Donald Trump’s Renomination To Take Place In Private After RNC Bans Reporters Due To Health Risks

Donald Trump speaks at a rally.
Joshua Lott / Getty Images

Donald Trump’s renomination as the Republican Party’s candidate will take place in private after a spokesperson for the Republican National Convention said that reporters would not be allowed in due to health concerns.

Trump is set to become the party’s nominee for the November presidential election at the convention, which is being held in Charlotte, North Carolina, later this month. Delegates are scheduled to gather and formally vote to make Trump the nominee. As the Associated Press reported, the ceremony will be held behind closed doors due to fears of the spread of the coronavirus.

“Given the health restrictions and limitations in place within the state of North Carolina, we are planning for the Charlotte activities to be closed press Friday, August 21 – Monday, August 24,” a RNC spokeswoman said. “We are happy to let you know if this changes, but we are working within the parameters set before us by state and local guidelines regarding the number of people who can attend events.”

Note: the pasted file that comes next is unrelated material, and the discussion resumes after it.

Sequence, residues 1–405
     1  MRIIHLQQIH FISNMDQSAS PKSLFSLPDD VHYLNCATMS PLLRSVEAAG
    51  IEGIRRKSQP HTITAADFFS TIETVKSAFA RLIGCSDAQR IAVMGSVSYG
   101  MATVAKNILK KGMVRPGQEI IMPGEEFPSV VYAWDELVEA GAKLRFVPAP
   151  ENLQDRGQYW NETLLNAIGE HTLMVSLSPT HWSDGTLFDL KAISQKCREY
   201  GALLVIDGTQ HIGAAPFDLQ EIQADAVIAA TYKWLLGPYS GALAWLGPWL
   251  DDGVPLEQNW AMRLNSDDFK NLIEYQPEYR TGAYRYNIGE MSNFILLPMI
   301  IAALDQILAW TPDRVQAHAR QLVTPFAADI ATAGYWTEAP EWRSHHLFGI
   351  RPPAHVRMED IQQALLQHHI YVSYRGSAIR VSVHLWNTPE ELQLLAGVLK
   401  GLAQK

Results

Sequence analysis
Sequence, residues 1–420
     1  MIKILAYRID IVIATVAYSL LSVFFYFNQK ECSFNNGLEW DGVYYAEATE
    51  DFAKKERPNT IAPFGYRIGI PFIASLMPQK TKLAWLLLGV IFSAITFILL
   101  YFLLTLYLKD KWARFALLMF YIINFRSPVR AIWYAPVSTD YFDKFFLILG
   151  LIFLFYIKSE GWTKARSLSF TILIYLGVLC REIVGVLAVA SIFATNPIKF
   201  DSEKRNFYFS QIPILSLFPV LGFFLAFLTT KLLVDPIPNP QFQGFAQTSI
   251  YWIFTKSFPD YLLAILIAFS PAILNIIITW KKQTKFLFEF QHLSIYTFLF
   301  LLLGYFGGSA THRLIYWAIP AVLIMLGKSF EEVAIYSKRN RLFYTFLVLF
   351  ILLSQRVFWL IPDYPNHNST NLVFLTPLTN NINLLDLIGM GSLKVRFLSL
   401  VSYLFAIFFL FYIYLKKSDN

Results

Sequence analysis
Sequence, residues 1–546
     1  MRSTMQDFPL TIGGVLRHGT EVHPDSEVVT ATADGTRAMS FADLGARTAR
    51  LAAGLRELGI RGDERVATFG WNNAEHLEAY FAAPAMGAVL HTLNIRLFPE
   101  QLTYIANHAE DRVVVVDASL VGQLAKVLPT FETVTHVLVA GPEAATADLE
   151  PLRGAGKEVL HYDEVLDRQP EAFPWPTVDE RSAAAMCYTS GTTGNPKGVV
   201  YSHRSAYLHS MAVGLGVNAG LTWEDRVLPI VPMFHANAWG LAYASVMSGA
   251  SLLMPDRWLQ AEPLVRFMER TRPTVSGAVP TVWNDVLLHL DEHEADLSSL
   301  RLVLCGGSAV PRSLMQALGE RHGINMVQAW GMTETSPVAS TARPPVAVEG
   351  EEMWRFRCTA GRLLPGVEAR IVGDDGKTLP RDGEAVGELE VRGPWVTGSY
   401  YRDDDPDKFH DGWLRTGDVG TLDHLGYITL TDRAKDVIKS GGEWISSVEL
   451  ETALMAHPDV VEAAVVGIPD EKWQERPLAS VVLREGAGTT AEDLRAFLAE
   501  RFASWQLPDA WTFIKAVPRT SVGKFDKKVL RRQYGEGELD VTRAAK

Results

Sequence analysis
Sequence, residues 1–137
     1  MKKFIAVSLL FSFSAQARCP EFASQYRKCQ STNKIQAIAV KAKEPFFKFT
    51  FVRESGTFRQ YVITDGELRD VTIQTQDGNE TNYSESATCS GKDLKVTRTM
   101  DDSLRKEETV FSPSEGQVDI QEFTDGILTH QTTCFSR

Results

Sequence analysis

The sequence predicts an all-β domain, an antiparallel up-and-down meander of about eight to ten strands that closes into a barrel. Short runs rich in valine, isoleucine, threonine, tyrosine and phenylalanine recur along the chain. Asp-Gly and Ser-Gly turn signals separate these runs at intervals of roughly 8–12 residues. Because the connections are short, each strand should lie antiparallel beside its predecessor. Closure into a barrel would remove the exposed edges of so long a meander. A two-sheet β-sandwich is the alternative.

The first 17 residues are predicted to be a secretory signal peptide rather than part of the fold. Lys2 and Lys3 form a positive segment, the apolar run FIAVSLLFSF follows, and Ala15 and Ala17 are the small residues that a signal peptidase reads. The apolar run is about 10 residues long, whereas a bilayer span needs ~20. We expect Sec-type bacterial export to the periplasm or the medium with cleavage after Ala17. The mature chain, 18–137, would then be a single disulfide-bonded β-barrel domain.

The multi-day event had been the subject of controversy after Trump initially said he wanted it to take place with attendees and no social distancing. He had originally announced that it would be moved from North Carolina to Florida in order to get around the state’s restrictions on large gatherings, but this was called off as well. The Associated Press noted that some delegates had expressed worry about having to travel to Charlotte for the formal vote, noting that it would force many of them to undergo mandatory quarantine upon returning to their home states.

The Democratic Party has already announced that the DNC will occur virtually.

Trump’s insistence on holding campaign rallies has led to criticism, especially around the controversial rally held in Tulsa, Oklahoma, in June after nearly three months without any public rallies due to concerns about the spread of the coronavirus. Local health officials warned that a large gathering could be dangerous, and it came at a time when cases were sharply rising in Oklahoma.

Following the event, former Republican presidential nominee Herman Cain — who attended the rally and did not wear a mask — tested positive for COVID-19. He died this month. It was not clear if he contracted the virus at the Tulsa campaign rally, but his passing led to renewed criticism toward the campaign for going ahead with the event despite warnings about the risks of allowing a large crowd without social distancing requirements and no mandate that attendees wear masks.